EGU General Assembly 2021
© Author(s) 2021. This work is distributed under
the Creative Commons Attribution 4.0 License.

Using convolutional neural networks to detect giant landslides in the Patagonian Andean foreland

Elisabeth Schönfeldt1, Tomáš Pánek2, Diego Winocur3, and Oliver Korup1,4
Elisabeth Schönfeldt et al.
  • 1University of Potsdam, Institute of Geoscience, Potsdam, Germany (
  • 2University of Ostrava, Department of Physical Geography and Geoecology, Czech Republic
  • 3Universidad de Buenos Aires, Facultad de Ciencias Exactas y Naturales, Departamento de Ciencias Geologicas, Argentina
  • 4University of Potsdam, Institute of Environmental Science and Geography, Germany

The Andean foreland of Patagonia features dozens of basaltic plateaus that are spread out from the Argentinean province of Neuquén south to Tierra del Fuego. The plateau margins are undermined by numerous giant slope failures that mostly involved a combination of lateral spreading and rotational sliding, running out up to several kilometres along the plateau margins. However, the overall extent of plateau margins affected by landsliding is still unknown, because manual mapping of such a large area (~500.000 km²) is time-consuming. Therefore, our goal is to test methods that support manual mapping by an automatic and objective detection of giant landslides. All of these landslides share very similar topographic features such as subparallel compression ridges and elongate depressions, distinguishing them in terms of their topographic and optical appearance from surrounding areas (e.g. plains or plateau tops). Using a catalogue of these features, we tested an image classification scheme using convolutional neural networks (CNNs). Our input data consist of Sentinel-2 optical data (20-m resolution) and topographic factors (surface roughness and curvature) acquired from TanDEM-X data (12-m resolution). We applied transfer learning, modifying the pre-existing CNN alexnet to test how well it is able to distinguish different geomorphic features such as unstable terrain from plateau tops or plains. Over 4000 training images were extracted from the Meseta Somuncurá, while the trained algorithm was tested at the Sierra Cuadrada. Both plateaus are part of the Northern Patagonia Massif. Preliminary results show that the modified algorithms performs reasonable and is able to distinguish between giant landslides and other geomorphic features. However, performance strongly depends on the training options of the stochastic gradient descent within the CNN and image quality of the training images, especially the quantity of images and their extracted location with respect to the plateau margin.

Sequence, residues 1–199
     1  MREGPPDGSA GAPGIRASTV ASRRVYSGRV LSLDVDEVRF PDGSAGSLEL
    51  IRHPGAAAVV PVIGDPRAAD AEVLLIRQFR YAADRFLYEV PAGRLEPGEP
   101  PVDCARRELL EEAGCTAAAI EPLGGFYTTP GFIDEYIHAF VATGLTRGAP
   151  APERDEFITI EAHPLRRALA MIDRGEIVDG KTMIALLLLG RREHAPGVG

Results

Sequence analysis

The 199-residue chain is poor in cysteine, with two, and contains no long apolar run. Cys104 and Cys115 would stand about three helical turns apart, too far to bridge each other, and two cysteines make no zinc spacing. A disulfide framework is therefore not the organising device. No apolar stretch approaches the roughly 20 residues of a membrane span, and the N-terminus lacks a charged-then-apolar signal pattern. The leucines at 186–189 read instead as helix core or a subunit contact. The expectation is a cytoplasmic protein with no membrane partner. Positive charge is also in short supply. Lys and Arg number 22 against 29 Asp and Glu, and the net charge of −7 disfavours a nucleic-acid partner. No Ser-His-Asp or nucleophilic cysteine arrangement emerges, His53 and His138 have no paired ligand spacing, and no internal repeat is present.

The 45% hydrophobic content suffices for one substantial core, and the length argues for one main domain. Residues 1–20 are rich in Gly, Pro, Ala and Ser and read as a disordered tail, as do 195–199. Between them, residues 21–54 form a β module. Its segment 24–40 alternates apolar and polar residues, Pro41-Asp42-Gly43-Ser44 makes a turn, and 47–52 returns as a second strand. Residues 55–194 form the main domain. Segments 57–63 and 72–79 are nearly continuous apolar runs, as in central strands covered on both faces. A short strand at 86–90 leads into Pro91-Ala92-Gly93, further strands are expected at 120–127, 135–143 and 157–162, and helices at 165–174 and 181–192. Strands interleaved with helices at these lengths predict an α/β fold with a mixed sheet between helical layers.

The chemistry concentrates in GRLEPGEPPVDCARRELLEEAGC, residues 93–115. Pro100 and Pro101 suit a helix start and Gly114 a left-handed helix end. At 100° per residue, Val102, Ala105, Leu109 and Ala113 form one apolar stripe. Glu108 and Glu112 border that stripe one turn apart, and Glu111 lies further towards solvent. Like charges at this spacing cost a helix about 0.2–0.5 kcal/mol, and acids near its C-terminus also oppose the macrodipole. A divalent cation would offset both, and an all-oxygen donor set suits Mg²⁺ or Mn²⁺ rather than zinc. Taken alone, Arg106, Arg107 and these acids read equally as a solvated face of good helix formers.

How to cite: Schönfeldt, E., Pánek, T., Winocur, D., and Korup, O.: Using convolutional neural networks to detect giant landslides in the Patagonian Andean foreland, EGU General Assembly 2021, online, 19–30 Apr 2021, EGU21-2728,, 2021.


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